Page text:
David Campbell & Quin Monson on Mormons & Politics in America
Date: November 9th, 2014
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Are Mormons a “peculiar people,” particularly as it pertains to politics? Two LDS political scientists — David E Campbell of Notre Dame and J Quin Monson of Brigham Young University — join us in our first-ever dual guest appearance to discuss this topic. We examine a variety of research findings recently published in their book Seeking the Promised Land: Mormons and American Politics, also written with John C Green (who is not a Mormon).
After a bit of personal revelations by our two guests, we jump first into a bit of sociology of religion and explore the unique distinctiveness of the Latter Day Saints. Prof. Monson elaborates on what the authors call the “paradox of Mormonism,” wherein the LDS are a quintessentially American faith, but also “outside” of American culture. We examine whether Mormons can be called a distinct religio-ethnic group, perhaps akin to Jews. Both Dave and Quin share some personal experiences growing up and being educated outside of the Mormon heartland of Utah, and they school Tony in what it means to “speak Mormon.” In respect to this “paradox of Mormonism,” Tony wonders why the LDS remain one of the most devoutly patriotic subgroups in America despite having faced enormous persecution throughout their history.
We then turn to the political identify of Mormons and Tony points out that few, if any, presidential candidates ever make a whistle stop in Utah. Prof. Campbell explains that Mormons are remarkably cohesive in their Republican affiliation (much like African-American Protestants and Jews when it comes to the Democrat Party), but it wasn’t always this way. Dave covers the Mormon partisan re-alignment that has occurred over the past half century or so and in the process we review one of our favorite topics — the God gap, an increasing cross-denominational tendency for those who are deeply religious to prefer the GOP, while secular society has trended Democrat. (See our list of additional podcasts on this topic below.) We also cover a series of specific issues to note that Mormons are not necessarily monolithic in their views and often have political preferences that are a bit at odds with the Republican base, particularly when it comes to immigration. We discuss the reasons for this more pro-immigrant stance and how it might relate to the missionary goals of the LDS. Tony also brings up the issue of school choice vouchers, a GOP-favored policy, and how it went down to a resounding defeat in Utah several years back. Both Quin and Dave offer their explanations.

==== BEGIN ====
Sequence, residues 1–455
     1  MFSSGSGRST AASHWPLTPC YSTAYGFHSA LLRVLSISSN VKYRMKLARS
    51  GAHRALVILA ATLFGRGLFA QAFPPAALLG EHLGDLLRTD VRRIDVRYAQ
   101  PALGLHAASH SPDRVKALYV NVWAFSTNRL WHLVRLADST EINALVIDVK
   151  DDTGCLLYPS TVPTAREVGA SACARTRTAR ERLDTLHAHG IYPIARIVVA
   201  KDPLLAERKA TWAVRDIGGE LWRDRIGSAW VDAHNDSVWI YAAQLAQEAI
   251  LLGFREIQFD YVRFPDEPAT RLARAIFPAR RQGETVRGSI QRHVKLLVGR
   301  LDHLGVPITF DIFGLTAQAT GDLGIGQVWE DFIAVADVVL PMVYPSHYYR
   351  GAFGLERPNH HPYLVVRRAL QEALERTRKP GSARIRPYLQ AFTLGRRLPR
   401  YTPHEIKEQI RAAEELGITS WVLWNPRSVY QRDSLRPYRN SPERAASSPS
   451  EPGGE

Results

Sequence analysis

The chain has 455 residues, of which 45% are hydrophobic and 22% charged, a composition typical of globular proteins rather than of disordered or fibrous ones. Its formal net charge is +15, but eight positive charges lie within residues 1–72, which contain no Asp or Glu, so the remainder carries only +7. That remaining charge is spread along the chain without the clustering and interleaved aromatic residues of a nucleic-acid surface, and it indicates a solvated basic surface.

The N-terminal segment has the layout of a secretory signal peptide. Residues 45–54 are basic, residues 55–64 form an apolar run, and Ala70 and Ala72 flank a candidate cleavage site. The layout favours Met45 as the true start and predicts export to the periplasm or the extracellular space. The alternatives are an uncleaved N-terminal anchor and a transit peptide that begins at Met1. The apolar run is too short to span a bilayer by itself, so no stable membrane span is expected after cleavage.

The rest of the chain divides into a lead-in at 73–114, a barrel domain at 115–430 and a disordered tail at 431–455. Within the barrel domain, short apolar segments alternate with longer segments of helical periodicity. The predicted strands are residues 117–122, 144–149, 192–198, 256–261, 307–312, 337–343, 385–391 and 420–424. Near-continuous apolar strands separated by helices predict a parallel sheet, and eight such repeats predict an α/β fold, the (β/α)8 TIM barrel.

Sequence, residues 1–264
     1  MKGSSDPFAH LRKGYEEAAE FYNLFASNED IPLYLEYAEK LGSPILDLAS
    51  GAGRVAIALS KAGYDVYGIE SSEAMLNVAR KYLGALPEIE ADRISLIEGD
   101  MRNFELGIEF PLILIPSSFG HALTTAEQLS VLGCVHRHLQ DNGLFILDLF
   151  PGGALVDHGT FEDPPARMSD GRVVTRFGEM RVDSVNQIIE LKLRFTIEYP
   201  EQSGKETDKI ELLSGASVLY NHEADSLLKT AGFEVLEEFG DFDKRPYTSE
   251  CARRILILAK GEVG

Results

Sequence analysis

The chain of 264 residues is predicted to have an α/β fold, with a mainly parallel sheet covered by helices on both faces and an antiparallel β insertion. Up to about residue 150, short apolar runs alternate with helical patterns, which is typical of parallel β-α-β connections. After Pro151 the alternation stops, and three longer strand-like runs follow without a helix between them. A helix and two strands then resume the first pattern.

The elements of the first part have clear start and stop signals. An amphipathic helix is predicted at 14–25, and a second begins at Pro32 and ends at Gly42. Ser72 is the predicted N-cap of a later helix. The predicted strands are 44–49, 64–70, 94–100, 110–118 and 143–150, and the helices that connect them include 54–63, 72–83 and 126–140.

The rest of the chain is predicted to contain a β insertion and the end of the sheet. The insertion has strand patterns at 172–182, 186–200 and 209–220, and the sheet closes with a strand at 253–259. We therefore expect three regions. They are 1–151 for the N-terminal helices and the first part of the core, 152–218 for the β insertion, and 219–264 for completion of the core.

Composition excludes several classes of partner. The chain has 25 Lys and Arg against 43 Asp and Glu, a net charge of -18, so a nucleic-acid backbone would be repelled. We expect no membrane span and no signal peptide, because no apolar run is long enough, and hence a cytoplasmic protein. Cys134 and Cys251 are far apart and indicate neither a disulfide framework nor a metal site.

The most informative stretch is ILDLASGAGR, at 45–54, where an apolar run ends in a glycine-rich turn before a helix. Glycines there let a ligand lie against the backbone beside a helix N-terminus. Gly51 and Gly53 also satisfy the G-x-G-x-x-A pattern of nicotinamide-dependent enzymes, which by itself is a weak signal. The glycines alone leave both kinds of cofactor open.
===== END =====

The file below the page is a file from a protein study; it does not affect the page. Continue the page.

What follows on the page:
We follow the discussion on political preferences with an examination of whether or not religious leaders influence the voting behavior of the LDS laity. We talk a bit about the organizational structure of the church. Quin points out that there is virtually no politicking that goes on from the pulpit, but there are numerous conversations in the hallways of the ward (i.e., the LDS version of a parish or congregation). Tony brings up the recent case of Mormon involvement supporting Proposition 8, a California initiative that was designed to reverse a state supreme court ruling and define marriage as strictly between a man and a woman. The LDS Church and many of its individual members took a great deal of heat for their support of Proposition 8, and this leads us to a discussion of the efficacy of religious groups becoming closely involved in political causes.
We finish with some reflections on whether or not Mormons have broken the political “glass ceiling” with the recent presidential candidacy of Mitt Romney in 2008 and 2012. Dave brings up some thoughts about how this campaign both affected the perception of Mormons in politics — with Republicans becoming more friendly to the denomination while Democrats became a bit more negative on it — and how Mitt affected Mormonism itself. We close with the two authors giving their personal reflections on what they learned throughout the process of writing their book. Recorded: October 31, 2014.
Seeking the Promised Land: Mormons and American Politics, by David E Campbell, John C Green, and J Quin Monson.
David E Campbell’s bio at University of Notre Dame’s political science department.
J Quin Monson’s bio at Brigham Young University’s political science department.
American Grace: How Religion Divides and Unites Us, by Robert Putnam and David E Campbell.
Lynita Newswander on Mormons in America
Allison Pond on Being a Mormon Missionary
Patrick Mason on Anti-Mormonism and Mitt Romney
Michael McBride on Religious Free-Riding and the Mormon Church
David Smith on Episodic Religious Persecutions
Jeremy Lott on Mormons, Pope Francis, and Ugly Churches
Ken Wald on the Puzzling Politics of American Jews
Corwin Smidt on Religion, Elections and the God Gap
Gerald De Maio on the Electoral Religion Gap
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